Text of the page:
By: B&S Staff

GRINNELL, IA—Expressing frustration about why his class would include such distressing images, a Grinnell psychology major was reportedly confused yesterday as to why the unit on Hermann Rorschach’s eponymous inkblot test was just a series of pictures of rejection letters from prominent graduate programs around the country. 

The student, Neal Adams `23, is a psychology major enrolled in Professor Marian Galli’s PSY-410-01: The History of Psychoanalysis spoke with B&S reporters in one of several exclusive interviews given to news sources after his ordeal: 

“I understand that classes sometimes have to take us out of our comfort zone, but just showing the whole class a bunch of ‘Dear Neal, we regret to inform you that we will not be able to offer you admission to our graduate program in applied psychology’ letters honestly seems a little harsh. Also, I don’t really understand how it relates to the topics we’re currently studying. I think the syllabus said that this unit was on the unconscious mind and something called pareidolia? I kind of thought that Dr. Galli was pulling a practical joke or something because she found out that I didn’t do the readings. But after like the fifth slide – I think that one was from Berkeley – I really stopped finding it funny. And no one even called her out on it… I’m sorry I need to take a break, can you cut this part from what you publish?”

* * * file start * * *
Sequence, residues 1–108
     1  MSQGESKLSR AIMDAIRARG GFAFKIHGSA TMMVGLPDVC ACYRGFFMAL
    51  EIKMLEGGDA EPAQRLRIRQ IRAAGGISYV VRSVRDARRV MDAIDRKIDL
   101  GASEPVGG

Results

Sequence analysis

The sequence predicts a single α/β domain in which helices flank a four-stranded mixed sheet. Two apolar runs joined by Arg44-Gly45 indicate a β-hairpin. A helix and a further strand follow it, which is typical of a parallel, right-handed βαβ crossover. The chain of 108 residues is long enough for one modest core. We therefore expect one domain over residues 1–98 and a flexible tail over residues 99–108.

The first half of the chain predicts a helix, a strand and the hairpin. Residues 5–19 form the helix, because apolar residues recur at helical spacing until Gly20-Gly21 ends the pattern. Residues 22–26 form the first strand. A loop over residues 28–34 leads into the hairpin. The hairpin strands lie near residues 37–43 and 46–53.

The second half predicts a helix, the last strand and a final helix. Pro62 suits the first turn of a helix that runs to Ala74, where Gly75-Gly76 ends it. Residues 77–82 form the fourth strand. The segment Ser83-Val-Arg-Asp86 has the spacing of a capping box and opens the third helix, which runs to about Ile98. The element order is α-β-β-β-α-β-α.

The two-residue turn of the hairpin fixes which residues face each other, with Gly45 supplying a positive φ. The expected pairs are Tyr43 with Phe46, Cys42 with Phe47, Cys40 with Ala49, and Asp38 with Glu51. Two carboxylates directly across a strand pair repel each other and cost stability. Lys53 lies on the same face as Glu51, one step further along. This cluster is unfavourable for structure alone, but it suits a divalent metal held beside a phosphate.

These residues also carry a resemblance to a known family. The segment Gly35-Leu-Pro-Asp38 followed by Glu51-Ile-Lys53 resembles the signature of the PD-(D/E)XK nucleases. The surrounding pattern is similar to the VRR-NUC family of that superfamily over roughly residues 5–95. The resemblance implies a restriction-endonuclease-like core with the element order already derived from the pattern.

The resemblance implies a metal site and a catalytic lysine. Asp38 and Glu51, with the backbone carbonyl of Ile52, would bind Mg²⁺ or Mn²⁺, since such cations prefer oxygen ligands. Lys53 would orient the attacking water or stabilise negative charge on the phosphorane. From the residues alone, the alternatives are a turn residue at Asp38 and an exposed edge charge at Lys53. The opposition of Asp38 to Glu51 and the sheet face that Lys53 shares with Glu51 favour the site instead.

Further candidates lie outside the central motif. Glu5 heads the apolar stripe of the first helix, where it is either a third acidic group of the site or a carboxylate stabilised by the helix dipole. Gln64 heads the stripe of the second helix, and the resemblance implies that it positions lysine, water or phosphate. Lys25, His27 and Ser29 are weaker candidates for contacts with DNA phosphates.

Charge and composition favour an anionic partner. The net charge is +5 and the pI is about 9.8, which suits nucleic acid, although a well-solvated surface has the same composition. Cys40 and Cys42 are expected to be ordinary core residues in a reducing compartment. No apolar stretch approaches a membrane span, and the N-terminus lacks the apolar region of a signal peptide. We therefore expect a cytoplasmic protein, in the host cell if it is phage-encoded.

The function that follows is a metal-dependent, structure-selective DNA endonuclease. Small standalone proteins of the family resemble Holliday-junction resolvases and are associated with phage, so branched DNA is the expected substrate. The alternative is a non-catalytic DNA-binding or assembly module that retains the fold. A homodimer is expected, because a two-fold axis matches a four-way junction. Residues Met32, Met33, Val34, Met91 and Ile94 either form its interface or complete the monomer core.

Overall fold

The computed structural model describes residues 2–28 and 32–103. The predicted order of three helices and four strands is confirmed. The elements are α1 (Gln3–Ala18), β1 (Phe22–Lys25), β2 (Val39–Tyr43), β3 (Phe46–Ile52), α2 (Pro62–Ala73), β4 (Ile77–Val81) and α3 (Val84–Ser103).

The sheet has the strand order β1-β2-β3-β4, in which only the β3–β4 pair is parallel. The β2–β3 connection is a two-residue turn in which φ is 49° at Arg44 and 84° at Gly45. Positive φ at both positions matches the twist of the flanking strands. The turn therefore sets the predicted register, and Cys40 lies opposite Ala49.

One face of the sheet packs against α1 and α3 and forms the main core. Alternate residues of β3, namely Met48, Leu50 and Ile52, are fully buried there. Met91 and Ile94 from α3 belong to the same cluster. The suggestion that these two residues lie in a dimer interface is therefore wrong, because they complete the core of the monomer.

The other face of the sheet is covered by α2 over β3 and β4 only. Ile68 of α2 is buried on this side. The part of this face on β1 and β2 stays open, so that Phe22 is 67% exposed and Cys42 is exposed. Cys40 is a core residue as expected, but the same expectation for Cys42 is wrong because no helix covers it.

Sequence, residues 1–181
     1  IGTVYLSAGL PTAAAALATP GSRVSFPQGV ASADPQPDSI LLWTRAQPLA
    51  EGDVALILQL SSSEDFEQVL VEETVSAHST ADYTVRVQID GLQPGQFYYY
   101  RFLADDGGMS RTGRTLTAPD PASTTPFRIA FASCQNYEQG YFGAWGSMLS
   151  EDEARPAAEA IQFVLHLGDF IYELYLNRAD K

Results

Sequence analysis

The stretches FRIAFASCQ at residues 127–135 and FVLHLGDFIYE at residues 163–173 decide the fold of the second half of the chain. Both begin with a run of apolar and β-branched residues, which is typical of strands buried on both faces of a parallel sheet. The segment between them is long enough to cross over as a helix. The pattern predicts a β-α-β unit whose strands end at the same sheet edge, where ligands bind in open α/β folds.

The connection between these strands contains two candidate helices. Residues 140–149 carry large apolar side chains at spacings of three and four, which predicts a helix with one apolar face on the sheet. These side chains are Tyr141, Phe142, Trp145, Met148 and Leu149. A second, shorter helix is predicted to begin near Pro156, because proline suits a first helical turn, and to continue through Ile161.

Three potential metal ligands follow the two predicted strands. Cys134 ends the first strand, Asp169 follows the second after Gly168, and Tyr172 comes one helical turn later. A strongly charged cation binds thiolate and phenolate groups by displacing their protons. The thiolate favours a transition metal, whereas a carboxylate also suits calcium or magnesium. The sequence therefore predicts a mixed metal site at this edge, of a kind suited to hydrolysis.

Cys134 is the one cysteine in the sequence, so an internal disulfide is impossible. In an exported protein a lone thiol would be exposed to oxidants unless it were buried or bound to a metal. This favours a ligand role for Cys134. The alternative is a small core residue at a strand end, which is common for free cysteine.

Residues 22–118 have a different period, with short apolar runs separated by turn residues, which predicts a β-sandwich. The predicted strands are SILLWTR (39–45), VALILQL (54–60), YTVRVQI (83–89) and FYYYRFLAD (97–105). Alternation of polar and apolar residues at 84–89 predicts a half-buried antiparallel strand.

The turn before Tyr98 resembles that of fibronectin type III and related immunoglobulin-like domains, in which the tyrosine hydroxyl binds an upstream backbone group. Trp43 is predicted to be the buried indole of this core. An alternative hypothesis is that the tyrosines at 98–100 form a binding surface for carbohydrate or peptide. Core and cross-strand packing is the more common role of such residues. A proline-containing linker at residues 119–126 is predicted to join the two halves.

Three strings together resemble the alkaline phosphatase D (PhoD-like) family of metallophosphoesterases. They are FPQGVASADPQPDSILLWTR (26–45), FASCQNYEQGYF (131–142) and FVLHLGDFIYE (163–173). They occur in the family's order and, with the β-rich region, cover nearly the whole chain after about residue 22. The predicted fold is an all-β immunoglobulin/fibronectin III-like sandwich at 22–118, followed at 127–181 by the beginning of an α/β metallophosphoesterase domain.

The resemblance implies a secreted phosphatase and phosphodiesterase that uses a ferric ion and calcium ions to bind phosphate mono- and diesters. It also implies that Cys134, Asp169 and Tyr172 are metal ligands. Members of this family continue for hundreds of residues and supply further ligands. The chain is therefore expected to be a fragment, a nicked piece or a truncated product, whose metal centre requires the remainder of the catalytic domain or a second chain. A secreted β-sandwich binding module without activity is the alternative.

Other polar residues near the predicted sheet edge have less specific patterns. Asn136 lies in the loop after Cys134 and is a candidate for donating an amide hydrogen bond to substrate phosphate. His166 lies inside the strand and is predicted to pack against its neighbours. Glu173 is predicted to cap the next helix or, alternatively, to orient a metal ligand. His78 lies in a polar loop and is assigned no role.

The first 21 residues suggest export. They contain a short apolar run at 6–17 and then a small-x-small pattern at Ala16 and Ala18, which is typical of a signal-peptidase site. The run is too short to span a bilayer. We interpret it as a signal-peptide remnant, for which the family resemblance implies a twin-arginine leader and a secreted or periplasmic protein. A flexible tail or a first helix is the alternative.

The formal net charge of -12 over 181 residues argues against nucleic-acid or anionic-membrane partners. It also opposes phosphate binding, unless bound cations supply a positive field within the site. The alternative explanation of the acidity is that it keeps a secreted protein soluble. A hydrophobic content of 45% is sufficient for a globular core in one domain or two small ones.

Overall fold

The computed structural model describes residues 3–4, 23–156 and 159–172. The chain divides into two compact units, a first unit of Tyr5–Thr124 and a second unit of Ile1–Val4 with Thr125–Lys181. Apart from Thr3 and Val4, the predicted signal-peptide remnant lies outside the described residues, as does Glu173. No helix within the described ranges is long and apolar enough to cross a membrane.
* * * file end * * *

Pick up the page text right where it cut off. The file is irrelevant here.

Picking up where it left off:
Several other students in the class reported a similar phenomenon. The B&S spoke with Janet Stevenson `23, Neal’s lab partner and our anonymous source in the class:

“So yeah, I was sitting across from Neal when Galli put up the Rorschach slides and Neal turned white as a sheet and started muttering to himself. I think I remember him saying something like ‘University of Phoenix regrets to inform me… how is that even possible?’ I don’t know what got him so riled up, Dr. Galli had projected a bunch of embarrassing texts from my ex up on the board. I have do idea how she got them but I figured it must be some sort of sick punishment for not doing the reading.”

Attempts to secure an interview with Dr. Galli were unsuccessful after several reporters remembered they didn’t have time to do this shit with everything else they had assigned for classes. However, in pursuit of journalistic perfection, the B&S was able to spare a couple interns to send to Dr. Galli’s class where they could view the slides in question and report back. 

Unfortunately, this too failed to provide any additional developments in the story, with interns reporting various contradictory sightings including “my parents looking at me disapprovingly,” “a note saying I should’ve done real journalism with the S&B,” and “like a splotchy butterfly or something.”

At press time several students had switched out of Dr. Galli’s class and into the competing PSY-410-02: The Science of Fun! with Dr. Phillips, only to be immediately assigned a fifteen-page research paper on the mechanics of pleasure causing molecules in the brain.